with C ′ ≈ 1.95 (and C given exactly in (B23)) gives a very good ?t to the numerical data even for relatively short times. Since the mean current is 1/π , in average one Fermion crosses the origin in time π . Hence the cos 2t oscillations can be interpreted as a consequence of the quantum nature of the magnetization: each passing Fermion causes a bump in the ?uctuations. Similar arguments were used to explain oscillations in the magnetization pro?le in the same system [21].

0.3 D (t )



0 0 10 20 t FIG. 2: Shown is the variance D(t) vs. time t. Red curve is a result of the exact numerical evaluation of (19), blue curve shows the result (20) of our asymptotical analysis. On top of the logarithmic growth we ?nd a subleading oscillating term. Eq. (21) gives a ?t, which is almost indistinguishable from the numerical data (red line). 30 40 50



In a general XXZ chain (2) the coupling is nonzero in the z direction. There is no explicit solution for the

We now insert (22) into equation (10). The amplitude A = A(?) was ?rst guessed in [36]. Yet we do not need this result. Indeed, the leading oscillating term in ρz (n) has the exponent a = 4π 2 δ varying in the range 1 < a < 2 when the anisotropy parameter varies in the ?1 < ? < 0 range. Because this leading term oscillates, we form pairs and ?nd that the oscillating terms in (10) yield the contribution A n?a+1 ? A (n + 1)?a+1 ? aA n?a (24)

5 that decays faster than n?1 . Hence the oscillating term provides merely a constant contribution to the variance D(t) while the sub-leading n?2 term results in the leading logarithmically diverging contribution. Therefore D(t) = δ ln t (25) region). Our arguments are heuristic and a more rigorous derivation is a key challenge for future work. Intriguingly, ?uctuations seem more tractable than e.g. the average magnetization pro?le in the XXZ chain, which is completely unknown. For free fermion systems, current ?uctuations were found to be asymptotically Gaussian [40] and therefore the variance provides a complete characterization of the full current statistics. Moreover, according to [41] this indicates that the entanglement (between the left and right halves) is simply proportional to the variance of the current (with a factor 3/π 2 ). In order to check this relation we compared our results for D(t) to numerical results for the time dependent entanglement entropy (for the same model and initial condition) presented in Fig. 19 of [18], and we found a good agreement in leading order. Little is known about higher moments of current ?uctuations for interacting fermions, and there is no reason to believe that they are Gaussian. The full current statistics is very di?cult to probe (both theoretically and experimentally) for interesting interacting fermion systems [42]. (Even for classical interacting particles, the derivation of the full counting statistics is usually a formidable challenge, see [6, 8, 9, 11, 12, 13, 14].) For the XXZ model, however, it is perhaps possible to compute higher order cumulants with the same approach we applied to obtain the second cumulant (the variance).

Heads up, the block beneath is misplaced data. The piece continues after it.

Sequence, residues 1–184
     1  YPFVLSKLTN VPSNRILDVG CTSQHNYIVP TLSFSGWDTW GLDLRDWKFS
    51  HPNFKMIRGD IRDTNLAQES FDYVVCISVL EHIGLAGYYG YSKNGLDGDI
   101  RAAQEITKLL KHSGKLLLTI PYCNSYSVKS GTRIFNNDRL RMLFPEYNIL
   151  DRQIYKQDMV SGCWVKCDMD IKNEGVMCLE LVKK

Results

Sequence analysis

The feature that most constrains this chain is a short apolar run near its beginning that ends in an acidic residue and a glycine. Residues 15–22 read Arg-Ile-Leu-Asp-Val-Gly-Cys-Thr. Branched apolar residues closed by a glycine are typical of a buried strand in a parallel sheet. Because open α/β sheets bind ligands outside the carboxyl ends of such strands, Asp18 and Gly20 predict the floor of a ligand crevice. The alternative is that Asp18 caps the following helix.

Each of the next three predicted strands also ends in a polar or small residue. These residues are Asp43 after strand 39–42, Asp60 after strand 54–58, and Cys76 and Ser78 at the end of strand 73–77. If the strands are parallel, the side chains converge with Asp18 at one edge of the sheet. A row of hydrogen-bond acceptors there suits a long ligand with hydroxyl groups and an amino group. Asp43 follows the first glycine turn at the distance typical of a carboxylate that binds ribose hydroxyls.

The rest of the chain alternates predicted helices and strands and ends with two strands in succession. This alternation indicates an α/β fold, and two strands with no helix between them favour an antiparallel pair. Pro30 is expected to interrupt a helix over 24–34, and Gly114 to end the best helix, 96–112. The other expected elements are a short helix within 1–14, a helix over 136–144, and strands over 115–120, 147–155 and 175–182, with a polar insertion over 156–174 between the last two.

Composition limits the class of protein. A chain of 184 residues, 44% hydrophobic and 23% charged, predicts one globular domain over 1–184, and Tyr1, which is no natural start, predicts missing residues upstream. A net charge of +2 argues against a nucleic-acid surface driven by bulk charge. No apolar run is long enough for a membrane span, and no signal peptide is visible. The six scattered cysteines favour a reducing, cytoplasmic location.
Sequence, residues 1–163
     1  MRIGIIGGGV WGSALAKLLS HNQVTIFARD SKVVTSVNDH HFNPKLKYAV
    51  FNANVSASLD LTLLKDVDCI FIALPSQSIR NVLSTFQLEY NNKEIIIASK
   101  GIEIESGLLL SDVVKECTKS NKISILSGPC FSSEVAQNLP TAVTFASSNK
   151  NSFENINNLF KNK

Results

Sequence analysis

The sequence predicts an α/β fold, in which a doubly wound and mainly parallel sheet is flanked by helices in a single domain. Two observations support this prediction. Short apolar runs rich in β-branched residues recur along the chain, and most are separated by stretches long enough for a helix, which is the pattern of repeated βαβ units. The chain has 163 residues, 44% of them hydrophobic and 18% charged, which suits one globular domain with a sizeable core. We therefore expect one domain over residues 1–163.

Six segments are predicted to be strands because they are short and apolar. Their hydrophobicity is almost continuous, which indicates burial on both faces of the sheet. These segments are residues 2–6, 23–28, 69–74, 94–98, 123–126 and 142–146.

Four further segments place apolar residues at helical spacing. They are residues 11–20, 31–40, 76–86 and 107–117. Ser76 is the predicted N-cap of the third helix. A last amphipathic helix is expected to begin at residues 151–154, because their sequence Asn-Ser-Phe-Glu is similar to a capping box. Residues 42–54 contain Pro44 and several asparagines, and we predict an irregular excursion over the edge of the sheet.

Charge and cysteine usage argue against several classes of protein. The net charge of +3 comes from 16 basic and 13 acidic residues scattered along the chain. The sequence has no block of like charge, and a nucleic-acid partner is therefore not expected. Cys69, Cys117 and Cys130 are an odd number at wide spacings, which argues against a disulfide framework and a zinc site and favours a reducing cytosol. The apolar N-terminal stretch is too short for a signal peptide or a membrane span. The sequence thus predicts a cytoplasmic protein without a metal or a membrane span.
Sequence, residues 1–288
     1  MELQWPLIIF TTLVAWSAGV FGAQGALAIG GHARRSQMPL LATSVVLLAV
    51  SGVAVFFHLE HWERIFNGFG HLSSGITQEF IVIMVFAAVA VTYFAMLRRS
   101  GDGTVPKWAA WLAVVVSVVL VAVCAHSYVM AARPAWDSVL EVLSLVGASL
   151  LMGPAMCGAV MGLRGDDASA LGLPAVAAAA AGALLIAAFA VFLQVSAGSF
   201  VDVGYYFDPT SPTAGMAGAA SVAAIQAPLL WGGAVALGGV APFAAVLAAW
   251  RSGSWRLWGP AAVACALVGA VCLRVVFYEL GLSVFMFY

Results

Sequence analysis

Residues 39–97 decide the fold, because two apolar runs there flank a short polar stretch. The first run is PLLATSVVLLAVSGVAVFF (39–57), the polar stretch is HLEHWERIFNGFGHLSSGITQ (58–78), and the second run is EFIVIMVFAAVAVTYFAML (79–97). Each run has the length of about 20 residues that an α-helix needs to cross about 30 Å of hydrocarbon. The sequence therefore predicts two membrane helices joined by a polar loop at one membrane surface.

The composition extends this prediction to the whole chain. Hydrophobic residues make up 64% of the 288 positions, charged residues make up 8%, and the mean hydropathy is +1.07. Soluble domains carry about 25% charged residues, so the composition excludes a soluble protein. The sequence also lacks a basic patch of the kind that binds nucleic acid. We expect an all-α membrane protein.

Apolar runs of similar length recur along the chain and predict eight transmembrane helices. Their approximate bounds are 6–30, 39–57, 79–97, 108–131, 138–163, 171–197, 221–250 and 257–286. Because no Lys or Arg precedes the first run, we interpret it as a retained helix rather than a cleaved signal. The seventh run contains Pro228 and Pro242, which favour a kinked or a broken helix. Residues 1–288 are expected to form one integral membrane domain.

This prediction implies that the logarithmic behavior of the variance is universal. The amplitude diverges at ? = 1; analytically δ → (4π )?1 [2(1 ? ?)]?1/2 as ? ↑ 1. This divergence is not very surprising since the isotropic Heisenberg ferromagnet apparently exhibits a truly different behavior. In the other extreme ? ↓ ?1, the amplitude δ approaches the ?nite value (4π 2 )?1 . However, as indicated by the last √ formula in (22), the oscillating asymptotic [38]. A is Bn?1 ln n for the isotropic anti-ferromagnet √ calculation similar to (24) gives n?2 ln n after canceling the oscillations. This leads to dn √ ln n ? (ln t)3/2 (26) D? n Note that for the isotropic anti-ferromagnet the magnetization is non-trivial in the interval that grows slower than√ linearly with time. (The natural guess is the di?usive t growth.) However, the upper limit in the integral in (26) would a?ect only the pre-factor. Thus our tentative predictions for the variance are: enhanced logarithmic growth D ? (ln t)3/2 for ? = ?1; and universal logarithmic behavior D(t) = δ ln t with known pre-factor (23) in the critical region ?1 < ? < 1.